The Borges I first encountered was the intellectual lecturer and essayist of Seven Nights. Later I marveled at his mystical, fantastical short stories found in Labyrinths, Ficciones, and The Aleph. The scholarly researcher was most clearly revealed by The Book of Imaginary Beings, and the poet by Dreamtigers. Now with this short collection, Doctor Brodie's Report, I have discovered yet another dimension of the remarkable Borges.

These short stories are more pragmatic, more straight-forwardly constructed, and more journalistic in their structure than his earlier imaginative stories on which his reputation is largely founded. In many cases these later tales involve some violence. Rivalries and duels, historical military accounts, and seamy slums are found in these works by the more realistic Borges. However, two stories - The Gospel According to Mark and the title story, Doctor Brodie's Report - are more imaginative, and thus classically Borgesian in their outlook.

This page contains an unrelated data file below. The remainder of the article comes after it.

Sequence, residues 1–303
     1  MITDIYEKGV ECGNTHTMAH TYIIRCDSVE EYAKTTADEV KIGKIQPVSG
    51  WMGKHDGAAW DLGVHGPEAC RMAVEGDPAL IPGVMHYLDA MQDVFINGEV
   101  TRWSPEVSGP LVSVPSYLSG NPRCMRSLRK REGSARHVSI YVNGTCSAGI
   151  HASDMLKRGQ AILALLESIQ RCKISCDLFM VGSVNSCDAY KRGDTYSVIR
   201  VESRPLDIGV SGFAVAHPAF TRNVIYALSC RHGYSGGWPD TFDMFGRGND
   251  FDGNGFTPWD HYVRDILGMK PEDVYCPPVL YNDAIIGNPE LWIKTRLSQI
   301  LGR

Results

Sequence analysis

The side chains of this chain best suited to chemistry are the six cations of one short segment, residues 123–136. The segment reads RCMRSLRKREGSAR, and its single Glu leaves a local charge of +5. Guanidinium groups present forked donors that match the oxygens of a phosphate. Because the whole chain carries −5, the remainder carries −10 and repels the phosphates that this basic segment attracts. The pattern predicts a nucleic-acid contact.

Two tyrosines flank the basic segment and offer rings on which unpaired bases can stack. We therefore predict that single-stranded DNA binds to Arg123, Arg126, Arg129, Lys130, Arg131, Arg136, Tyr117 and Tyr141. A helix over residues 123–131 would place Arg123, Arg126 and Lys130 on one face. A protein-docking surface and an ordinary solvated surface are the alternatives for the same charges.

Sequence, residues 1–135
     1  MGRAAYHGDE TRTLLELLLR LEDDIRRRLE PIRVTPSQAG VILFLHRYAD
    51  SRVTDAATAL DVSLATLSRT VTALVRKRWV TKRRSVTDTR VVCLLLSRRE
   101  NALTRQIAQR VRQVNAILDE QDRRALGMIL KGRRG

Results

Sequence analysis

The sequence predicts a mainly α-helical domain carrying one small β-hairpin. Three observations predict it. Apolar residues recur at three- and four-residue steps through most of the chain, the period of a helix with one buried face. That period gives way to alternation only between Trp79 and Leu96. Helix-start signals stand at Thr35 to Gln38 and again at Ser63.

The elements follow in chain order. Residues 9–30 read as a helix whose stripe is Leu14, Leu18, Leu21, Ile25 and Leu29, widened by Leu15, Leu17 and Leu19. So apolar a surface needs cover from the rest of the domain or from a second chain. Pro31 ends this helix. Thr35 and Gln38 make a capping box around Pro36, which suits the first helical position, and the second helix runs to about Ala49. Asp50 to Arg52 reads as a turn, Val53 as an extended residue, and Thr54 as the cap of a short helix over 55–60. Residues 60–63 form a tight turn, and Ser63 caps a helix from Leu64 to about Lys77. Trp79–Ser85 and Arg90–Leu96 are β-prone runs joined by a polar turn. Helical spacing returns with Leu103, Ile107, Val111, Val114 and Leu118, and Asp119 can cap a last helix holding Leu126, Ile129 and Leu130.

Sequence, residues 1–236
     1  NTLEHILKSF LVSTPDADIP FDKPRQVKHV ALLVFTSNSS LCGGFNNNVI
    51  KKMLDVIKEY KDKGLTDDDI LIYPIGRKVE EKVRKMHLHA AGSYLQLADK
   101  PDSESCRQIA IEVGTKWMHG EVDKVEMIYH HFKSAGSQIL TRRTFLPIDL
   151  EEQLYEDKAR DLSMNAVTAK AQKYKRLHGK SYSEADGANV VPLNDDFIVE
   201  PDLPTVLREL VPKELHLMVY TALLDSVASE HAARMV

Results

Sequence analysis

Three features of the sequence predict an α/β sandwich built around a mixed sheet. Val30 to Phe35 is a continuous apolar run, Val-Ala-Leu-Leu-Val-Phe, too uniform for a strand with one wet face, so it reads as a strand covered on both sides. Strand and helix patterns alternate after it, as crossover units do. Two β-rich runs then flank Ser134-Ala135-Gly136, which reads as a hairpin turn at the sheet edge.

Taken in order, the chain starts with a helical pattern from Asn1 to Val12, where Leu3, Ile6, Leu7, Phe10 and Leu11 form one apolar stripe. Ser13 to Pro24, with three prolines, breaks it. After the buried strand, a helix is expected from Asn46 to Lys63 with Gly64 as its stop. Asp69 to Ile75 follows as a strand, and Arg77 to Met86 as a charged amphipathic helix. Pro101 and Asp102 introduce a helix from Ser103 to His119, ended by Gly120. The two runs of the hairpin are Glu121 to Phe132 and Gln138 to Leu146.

Doctor Brodie's Report (1970) consists of only eleven stories:

The Intruder (1966) - a rivalry between brothers, The Meeting (1969) - a duel manipulated by the weapons themselves, Rosendo's Tale (1969) - a duel avoided, Doctor Brodie's Report (1970) - classic Borgesian imagination, The Duel (1970) - aristocratic, artistic rivalry, The Elder Lady (1970) - a disturbing biographical account, The End of the Duel (1970) - an actual event unbelievable as fiction, The Gospel According to Mark (1970) - a shocking story of forgiveness, Guayaquil (1970) - old rivalries surface in unexpected setting, Juan Murana (1970) - cherished love leads to fatal violence, and The Unworthy Friend (1970) - an account of betrayal, perhaps biographical.